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Social media launches activism after Parkland

Noelle Mesbah and Sara Isser

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Feb. 14, 2018. 2:21 p.m. While many of us were sitting in ninth period, the students of Marjory Stoneman Douglas High School were facing the unimaginable. Within six minutes, the course of the school’s history, and perhaps the history of the country, was changed forever.

The news of this tragedy made its way around the world in real time through Snapchat, Twitter and Instagram. Immediately, students experiencing the shooting were broadcasting first-person points of view across the internet. Unlike other school shootings, the news of this tragedy was brought to our attention through Parkland students’ Snapchat videos. Instead of appearing in an article on the internet or being broadcast on the news, the information about the shooting was streamlined into the palms of our hands, directly from the source.

We were seeing videos that looked like ones we have taken in our own classrooms, in a lockdown that we find ourselves practicing every month. It could have been our school, our teachers and our peers. Though school shootings are hardly unique, Parkland brought a new sense of personality to the situation, resonating deeply with students in our own community and around the country.

“When you see that video proof, it lasts a lot longer in people’s minds than just a simple statement,” said Stoneman Douglas student Delaney Tarr in an interview with CBS News.

Quickly after the tragedy, Parkland students such as Emma González and David Hogg became vocal on social media, and within a day, a grassroots movement was well underway. They turned their grief into action; they took the outpouring of “thoughts and prayers” and instead asked for legislation. Referred to as the “Never Again” movement, it is a fight for more gun control that dares to take on the National Rifle Association (NRA), which students and activists blame for the lack of legislation against guns.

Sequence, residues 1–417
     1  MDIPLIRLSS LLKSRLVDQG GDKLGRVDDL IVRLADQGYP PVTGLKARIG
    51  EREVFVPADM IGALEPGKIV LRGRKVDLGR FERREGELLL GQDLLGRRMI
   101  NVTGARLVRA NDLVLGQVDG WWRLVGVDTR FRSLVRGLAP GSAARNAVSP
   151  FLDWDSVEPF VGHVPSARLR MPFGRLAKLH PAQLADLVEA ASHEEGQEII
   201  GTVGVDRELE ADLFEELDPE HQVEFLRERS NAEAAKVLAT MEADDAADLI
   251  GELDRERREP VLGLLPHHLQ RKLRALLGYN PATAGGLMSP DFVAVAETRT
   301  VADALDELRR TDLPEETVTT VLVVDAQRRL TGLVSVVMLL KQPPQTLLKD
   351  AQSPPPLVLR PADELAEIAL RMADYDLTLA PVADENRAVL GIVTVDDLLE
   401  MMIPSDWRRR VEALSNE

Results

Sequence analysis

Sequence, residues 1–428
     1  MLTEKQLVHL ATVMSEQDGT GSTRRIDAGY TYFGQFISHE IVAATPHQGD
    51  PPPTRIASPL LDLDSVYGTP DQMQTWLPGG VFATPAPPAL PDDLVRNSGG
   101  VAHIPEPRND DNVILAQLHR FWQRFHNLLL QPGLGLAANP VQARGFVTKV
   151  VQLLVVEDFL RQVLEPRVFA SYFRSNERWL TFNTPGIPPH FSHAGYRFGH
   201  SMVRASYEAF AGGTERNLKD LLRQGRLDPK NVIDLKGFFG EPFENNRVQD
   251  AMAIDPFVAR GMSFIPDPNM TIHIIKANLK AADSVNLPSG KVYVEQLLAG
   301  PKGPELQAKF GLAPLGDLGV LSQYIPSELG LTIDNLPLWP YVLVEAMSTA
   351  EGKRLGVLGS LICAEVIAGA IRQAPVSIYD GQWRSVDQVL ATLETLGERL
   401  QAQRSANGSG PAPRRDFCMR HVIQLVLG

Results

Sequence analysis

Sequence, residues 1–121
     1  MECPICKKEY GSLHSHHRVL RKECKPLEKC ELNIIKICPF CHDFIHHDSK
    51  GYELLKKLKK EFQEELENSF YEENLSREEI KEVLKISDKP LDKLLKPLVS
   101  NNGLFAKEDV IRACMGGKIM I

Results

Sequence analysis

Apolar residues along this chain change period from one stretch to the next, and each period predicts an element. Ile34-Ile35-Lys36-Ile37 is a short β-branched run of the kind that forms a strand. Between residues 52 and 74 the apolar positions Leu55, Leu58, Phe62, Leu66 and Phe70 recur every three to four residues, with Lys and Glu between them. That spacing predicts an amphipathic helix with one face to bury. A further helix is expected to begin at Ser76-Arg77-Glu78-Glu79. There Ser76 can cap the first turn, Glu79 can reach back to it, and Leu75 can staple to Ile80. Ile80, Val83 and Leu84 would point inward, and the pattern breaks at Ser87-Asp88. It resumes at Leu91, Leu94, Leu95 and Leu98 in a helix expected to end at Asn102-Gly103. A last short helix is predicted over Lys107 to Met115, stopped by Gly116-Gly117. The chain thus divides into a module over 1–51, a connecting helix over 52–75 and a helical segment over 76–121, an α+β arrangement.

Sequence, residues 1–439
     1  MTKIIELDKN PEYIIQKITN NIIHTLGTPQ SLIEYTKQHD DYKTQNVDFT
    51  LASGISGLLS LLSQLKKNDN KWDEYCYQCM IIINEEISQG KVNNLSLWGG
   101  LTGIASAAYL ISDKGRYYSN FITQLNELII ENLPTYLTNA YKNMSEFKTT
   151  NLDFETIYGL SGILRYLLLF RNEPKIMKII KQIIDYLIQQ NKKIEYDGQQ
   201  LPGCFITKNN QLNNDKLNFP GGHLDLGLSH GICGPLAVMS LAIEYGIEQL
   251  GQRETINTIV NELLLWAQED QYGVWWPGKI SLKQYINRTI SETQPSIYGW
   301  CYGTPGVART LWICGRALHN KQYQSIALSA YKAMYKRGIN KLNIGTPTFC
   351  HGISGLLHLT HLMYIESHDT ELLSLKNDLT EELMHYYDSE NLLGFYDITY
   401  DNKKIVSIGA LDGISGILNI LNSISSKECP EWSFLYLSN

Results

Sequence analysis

“With Sandy Hook, the children can’t speak on it; they’re too young. But we’re the generation of social media,” said Stoneman Douglas senior Alex Robinson, in a story she wrote for MTV News. “It’s a totally different world than when Columbine happened. Teenagers are the most powerful people [right now] because we have social media on our side. That’s what kids in our generation are bringing to the table: We’re bringing change that people want to see happen.”

The students have already seen some of the direct effects of their activism: After lobbying on Twitter for corporations to cut their ties with the NRA, more than 20 companies, including Delta and Hertz, have done away with their connections to the NRA. Dick’s Sporting Goods has also taken a stand in response to the online surge of support for more gun control by announcing on Twitter that it would stop selling assault-style rifles in their stores and would only sell firearms to those 21 and older. In a second tweet, the sporting goods store also urged representatives to ban assault-style firearms, close the gun-show loophole and raise the national minimum age of firearms purchases to 21. As one of the largest firearms distributors in America, Dick’s, along with Walmart—which has also raised the minimum age of purchase to 21—has taken a massive step for the movement. Most notably, there were no rallies outside of stores, or formal press releases from the companies that pulled out of deals with the NRA. Everything was done through social media.